Local vs Long-Haul Trucking

Truck Inventory

The term “trucker” or “truck driver” is used pretty broadly to describe anyone who drives a truck for a living. However, there are different types of truckers on the road, including long-haul and short-haul drivers. It’s essential to understand the differences between these two types of jobs, as they require different schedules, have some different responsibilities, and can even have different kinds of trucks (though to the layman’s eye, they might look the same). Keep reading to learn more about the differences between long-haul and short-haul trucking and how to find the right type of truck for the job in our truck inventory.

Work Schedules and Time on the Road

Short-haul truckers can often work a schedule similar to your average postal worker or delivery driver. They’ll primarily work local trucking jobs, putting in a full day of making deliveries throughout their area. At the end of the day, they can return home for a meal and a good night’s rest in a comfortable bed. While days might be a little longer, or the hours might be a bit abnormal when compared to your typical office worker’s schedule, short-haul trucking is very similar to jobs in many other industries.

On the other hand, long-haul drivers can have a grueling schedule that takes them away from home for weeks at a time. They’ll spend a lot more time on the road, often driving from sunup to sundown as they make deliveries across the country. Many of them are on a regular weekly or monthly schedule, which only allows them to return home on weekends or even every few weeks. Typically, if a trucker’s schedule takes them away from home for several weeks, they’ll have a longer time at home (perhaps a week) rather than a typical weekend. Still, this schedule can be quite trying, especially for those who have children at home.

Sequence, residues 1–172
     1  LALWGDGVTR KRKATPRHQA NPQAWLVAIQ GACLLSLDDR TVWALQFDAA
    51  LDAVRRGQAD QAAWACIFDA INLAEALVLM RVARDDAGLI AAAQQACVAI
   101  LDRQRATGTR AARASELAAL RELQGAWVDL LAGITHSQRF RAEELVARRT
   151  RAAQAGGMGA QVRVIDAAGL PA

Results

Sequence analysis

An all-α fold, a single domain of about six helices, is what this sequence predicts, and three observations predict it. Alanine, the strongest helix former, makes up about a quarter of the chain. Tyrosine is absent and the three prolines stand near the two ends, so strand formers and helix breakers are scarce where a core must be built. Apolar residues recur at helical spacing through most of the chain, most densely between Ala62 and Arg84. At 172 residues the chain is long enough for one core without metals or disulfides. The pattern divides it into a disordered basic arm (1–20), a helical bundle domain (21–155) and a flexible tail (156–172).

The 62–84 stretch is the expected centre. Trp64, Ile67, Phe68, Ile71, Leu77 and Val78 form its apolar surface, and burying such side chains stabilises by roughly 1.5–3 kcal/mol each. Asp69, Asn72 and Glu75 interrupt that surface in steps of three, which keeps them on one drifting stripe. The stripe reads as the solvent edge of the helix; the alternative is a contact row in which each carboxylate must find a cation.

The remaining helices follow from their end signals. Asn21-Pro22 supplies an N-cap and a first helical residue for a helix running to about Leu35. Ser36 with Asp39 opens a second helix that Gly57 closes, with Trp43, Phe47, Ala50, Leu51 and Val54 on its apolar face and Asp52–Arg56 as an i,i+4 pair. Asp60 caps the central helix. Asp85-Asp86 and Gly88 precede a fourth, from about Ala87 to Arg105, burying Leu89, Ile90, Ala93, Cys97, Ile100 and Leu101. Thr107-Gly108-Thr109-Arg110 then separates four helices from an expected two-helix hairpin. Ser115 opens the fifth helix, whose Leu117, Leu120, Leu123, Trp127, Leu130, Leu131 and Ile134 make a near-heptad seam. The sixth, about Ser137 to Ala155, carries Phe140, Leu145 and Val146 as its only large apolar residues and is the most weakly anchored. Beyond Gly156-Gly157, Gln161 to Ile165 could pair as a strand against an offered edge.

Responsibilities on the Job

You might think that truck drivers would have the same responsibilities, regardless of how long or short their drive times are. And while both long-haul and short-haul drivers have very similar job duties, one key difference is how much of their time they spend loading and unloading their vehicles. Truck drivers are generally expected to coordinate unloading their cargo when they arrive at their destination.

For long-haul drivers, this means completing paperwork and ensuring proper delivery once every few days, perhaps. Short-haul drivers, however, can make multiple pickups and deliveries every day. This means that much more of their time will be spent on tasks like loading, unloading, and coordinating with customers than those who do long-haul trucking.

Average Salary

Not only do short-haul and long-haul drivers have different average salaries, but their pay structure is usually different as well. Short-haul drivers usually earn an hourly wage and earn an average of $36,660 per year. Long-haul drivers are usually paid per mile and may receive bonuses for faster deliveries. On average, the long-haul driver will earn about $48,310 per year, though those on the higher end of the earning spectrum can earn over $70,000 yearly. The higher income is one reason many people interested in becoming truckers will opt for long-haul driving.